Nicholas L. Lam
University of California, Berkeley
NIEHS Grant R01ES010178
A study funded in part by NIEHS shows that the kerosene-fueled wick lamps commonly used in developing-country households are a significant source of black carbon emissions. Replacing these lamps with cleaner light sources would benefit people’s health and the planet.
Black carbon contributes to global warming because it absorbs light and heats the atmosphere. The researchers conducted both field and laboratory testing of kerosene wick lamps, finding that 7 to 9 percent of the kerosene consumed is converted to carbonaceous particulate matter that is nearly pure black carbon. From these emission factors, they estimated that kerosene lighting emits 270,000 metric tons of black carbon per year, a 20-fold increase from previous estimates.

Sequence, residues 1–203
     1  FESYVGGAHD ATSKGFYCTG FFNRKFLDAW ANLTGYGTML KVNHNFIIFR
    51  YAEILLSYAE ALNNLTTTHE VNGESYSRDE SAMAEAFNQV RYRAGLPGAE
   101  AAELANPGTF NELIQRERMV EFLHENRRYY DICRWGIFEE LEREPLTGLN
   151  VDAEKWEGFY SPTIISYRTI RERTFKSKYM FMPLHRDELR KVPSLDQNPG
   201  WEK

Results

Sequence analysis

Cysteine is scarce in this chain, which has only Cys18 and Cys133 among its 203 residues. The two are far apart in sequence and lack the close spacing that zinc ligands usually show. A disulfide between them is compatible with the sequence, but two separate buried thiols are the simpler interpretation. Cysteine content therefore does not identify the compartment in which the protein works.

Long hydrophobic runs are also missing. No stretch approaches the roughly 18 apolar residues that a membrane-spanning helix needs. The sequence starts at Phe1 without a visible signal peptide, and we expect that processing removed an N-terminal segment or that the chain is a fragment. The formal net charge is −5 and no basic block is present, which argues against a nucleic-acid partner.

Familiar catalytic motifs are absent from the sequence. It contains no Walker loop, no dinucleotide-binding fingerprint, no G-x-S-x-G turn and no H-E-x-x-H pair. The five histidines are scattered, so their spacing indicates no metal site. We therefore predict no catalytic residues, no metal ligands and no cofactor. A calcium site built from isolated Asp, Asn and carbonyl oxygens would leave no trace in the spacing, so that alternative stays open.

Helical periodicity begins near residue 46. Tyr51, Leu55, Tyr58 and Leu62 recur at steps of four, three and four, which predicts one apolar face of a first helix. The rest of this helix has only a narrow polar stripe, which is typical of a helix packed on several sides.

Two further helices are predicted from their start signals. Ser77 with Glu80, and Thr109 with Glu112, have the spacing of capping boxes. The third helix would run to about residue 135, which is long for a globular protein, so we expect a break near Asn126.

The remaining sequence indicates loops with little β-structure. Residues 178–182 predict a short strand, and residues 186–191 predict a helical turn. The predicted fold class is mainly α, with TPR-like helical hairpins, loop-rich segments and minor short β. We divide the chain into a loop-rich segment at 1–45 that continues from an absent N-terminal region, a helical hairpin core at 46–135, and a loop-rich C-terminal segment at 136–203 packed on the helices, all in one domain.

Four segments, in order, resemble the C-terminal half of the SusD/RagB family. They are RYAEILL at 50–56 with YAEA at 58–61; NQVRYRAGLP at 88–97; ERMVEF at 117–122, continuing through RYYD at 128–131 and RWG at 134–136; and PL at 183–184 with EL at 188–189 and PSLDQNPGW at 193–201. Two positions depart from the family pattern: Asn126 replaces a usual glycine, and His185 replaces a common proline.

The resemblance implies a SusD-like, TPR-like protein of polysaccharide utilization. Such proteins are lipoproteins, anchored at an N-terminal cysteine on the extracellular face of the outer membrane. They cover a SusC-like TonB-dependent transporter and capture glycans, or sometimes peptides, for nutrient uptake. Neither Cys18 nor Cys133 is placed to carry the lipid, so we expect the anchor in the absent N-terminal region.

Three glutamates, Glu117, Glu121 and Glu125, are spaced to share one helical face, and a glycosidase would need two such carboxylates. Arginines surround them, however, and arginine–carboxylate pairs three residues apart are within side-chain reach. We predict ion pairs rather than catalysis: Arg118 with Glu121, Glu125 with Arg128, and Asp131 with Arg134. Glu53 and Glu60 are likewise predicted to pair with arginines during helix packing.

Radiative forcing is a common measure of climate impact that describes the change in Earth’s net energy balance brought on by a constituent(s) at the top of the atmosphere. The researchers estimated the aerosol climate forcing on atmosphere and snow from kerosene wick lamps at 22 mW/m2 (8, 48 mW/m2 ), which is 7 percent of black carbon forcing from all other energy-related sources.
Citation: Lam NL, Chen Y, Weyant C, Venkataraman C, Sadavarte P, Johnson MA, Smith KR, Brem BT, Arineitwe J, Ellis JE, Bond TC. 2012. Household light makes global heat: high black carbon emissions from kerosene wick lamps. Environ Sci Technol 46(24):13531-13538.